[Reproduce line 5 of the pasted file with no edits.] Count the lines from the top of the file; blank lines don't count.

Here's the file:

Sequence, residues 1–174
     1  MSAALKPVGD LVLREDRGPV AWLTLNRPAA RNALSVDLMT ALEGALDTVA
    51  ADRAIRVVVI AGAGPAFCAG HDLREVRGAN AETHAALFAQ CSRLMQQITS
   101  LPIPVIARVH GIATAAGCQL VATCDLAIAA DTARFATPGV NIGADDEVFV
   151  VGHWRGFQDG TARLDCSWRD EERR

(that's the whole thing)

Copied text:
   151  VGHWRGFQDG TARLDCSWRD EERR